Australian researchers have studied the oldest spiral galaxy to date using a combination of conventional man-made telescopes and natural telescopes. The latter telescopes are made of clusters comprising thousands of galaxies and dark matter, which allow scientists to peer through the cosmos and study far-away objects with unprecedented resolution.

“We are able to look 11 billion years back in time and directly witness the formation of the first, primitive spiral arms of a galaxy,” said Dr Tiantian Yuan, an astronomer at Swinburne University of Technology.

Spiral galaxy A1689B11 sits behind a massive cluster of galaxies that acts as a lens, producing two magnified images of the spiral galaxy in different positions in the sky. Credit: James Josephide.

Spiral galaxy A1689B11 sits behind a massive cluster of galaxies that acts as a lens, producing two magnified images of the spiral galaxy in different positions in the sky. Credit: James Josephide.

Yuan worked with colleagues under the All Sky Astrophysics in 3D, a $40m project funded over the next 7 years by a grant from the Australian Research Council (ARC) and supported by six collaborating Australian universities.

The galaxy in question, considered the most ancient spiral galaxy yet, is called A1689B11. It was imaged with the Near-infrared Integral Field Spectrograph of the Gemini North telescope in Hawaii, in conjunction with one of the cleverest astronomical techniques there is, a little trick called gravitational lensing.  

Famed physicist Albert Einstein predicted, as a result of his Theory of General Relativity, that whenever light from a distant star passes by a closer object, gravity acts like a magnifying lens bending the distant starlight but also brightening it. This effect has been documented extensively around very massive structures such as galaxies.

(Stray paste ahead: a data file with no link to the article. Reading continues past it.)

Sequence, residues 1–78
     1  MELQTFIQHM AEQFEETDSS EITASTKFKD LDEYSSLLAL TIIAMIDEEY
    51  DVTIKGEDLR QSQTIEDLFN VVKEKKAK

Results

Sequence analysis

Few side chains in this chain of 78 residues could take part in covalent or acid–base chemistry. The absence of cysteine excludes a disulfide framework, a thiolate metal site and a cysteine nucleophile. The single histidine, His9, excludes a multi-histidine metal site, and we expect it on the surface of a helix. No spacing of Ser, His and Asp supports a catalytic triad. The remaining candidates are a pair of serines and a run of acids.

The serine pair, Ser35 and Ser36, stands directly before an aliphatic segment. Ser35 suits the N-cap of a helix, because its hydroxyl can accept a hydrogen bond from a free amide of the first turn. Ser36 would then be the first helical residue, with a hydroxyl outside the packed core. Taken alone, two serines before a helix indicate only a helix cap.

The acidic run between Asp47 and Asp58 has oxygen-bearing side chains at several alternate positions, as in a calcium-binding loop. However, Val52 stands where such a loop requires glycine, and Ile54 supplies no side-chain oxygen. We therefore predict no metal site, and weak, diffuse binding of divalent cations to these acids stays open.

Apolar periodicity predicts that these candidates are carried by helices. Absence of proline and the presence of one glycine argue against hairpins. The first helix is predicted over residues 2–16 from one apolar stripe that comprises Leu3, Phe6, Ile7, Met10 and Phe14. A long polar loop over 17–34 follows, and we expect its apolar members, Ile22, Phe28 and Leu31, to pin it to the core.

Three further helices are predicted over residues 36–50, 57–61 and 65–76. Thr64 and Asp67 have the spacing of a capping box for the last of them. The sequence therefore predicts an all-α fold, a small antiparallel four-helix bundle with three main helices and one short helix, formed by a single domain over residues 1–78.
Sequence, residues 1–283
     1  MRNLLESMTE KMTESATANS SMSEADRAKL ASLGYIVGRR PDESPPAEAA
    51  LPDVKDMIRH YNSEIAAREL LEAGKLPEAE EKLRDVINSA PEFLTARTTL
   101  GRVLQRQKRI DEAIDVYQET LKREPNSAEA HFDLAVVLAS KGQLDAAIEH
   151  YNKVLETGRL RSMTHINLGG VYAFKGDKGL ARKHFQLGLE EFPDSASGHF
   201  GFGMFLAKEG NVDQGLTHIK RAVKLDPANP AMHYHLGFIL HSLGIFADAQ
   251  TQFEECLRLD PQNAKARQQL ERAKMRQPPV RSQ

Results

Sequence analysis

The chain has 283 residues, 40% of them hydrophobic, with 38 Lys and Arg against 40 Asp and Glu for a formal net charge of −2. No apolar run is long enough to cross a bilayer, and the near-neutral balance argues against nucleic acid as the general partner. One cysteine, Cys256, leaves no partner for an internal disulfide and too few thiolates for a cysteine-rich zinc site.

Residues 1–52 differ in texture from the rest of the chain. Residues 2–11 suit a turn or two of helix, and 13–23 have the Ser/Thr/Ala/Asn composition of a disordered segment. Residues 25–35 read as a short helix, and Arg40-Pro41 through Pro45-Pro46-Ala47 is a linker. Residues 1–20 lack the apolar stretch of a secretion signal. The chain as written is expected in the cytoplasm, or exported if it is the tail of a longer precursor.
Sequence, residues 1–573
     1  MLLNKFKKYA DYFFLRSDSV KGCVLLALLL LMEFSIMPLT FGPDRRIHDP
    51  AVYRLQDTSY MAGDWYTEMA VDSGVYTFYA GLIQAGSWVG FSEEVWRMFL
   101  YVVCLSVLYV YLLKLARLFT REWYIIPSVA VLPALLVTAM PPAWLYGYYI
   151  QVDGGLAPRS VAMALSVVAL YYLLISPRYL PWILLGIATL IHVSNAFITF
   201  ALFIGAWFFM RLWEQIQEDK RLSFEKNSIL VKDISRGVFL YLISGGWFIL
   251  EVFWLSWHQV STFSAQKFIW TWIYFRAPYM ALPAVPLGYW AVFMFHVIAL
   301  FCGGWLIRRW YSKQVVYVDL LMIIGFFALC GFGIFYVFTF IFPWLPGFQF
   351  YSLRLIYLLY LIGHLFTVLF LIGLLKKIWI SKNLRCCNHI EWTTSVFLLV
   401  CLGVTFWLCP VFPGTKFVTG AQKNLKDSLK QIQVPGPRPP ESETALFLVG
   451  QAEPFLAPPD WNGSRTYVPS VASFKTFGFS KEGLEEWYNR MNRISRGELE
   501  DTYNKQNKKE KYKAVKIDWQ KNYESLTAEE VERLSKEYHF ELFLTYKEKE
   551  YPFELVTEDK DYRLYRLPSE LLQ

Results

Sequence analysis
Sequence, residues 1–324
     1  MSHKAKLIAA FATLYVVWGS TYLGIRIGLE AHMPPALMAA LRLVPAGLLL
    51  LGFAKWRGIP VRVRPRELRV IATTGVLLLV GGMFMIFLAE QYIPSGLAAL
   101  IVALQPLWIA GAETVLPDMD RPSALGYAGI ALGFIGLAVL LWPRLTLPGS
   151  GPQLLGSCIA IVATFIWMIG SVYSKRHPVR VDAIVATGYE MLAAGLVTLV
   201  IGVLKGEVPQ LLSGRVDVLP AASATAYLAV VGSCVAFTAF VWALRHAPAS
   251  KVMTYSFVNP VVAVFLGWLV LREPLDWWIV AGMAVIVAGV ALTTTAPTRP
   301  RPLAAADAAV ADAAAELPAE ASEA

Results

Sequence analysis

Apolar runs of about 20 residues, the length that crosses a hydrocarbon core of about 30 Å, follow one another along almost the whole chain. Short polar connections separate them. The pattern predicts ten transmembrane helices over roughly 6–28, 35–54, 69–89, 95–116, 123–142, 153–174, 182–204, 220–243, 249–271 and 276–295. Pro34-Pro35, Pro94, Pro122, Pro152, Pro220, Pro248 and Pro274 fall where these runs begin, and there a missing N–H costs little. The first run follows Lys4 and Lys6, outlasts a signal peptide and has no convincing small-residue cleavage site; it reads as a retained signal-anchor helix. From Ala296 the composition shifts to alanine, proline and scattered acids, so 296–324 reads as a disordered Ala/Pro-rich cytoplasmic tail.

Captioned below is the great galaxy cluster Abell Cluster 2218. Notice the giant, stretched arcs? Those are actually background galaxies that get distorted and magnified by the giant cluster which bends the light. That’s analogous to how normal lenses such as the ones in a magnifying glass or a pair of spectacles work, by bending light rays that pass through them through refraction in order to focus the light somewhere (such as in your eye). Astronomers often use gravitational lensing as a natural telescope, to great effect.

gravitational lensing

Image credit: ESA, NASA, J.-P. Kneib and Richard Ellis.

Yuan says that if it weren’t for gravitational lensing, they would have never been able to study A1689B11 at this level of detail. His team learned that the ancient spiral galaxy, which has been around for almost 11 billion years, formed stars 20 times faster than the galaxies today.

A1689B11 behaves very differently from other early era galaxies. For instance, it’s characterized by a very cool and thin disc, which rotates relatively calmly with little turbulence. According to Yuan, astronomers have never seen another galaxy from this early period of the universe with such characteristics. Ultimately, A1689B11 may help scientists learn more about how spiral galaxies evolve, the Milky Way included.

Findings will appear in The Astrophysical Journal. A preprint version is available at arXiv:1710.11130.

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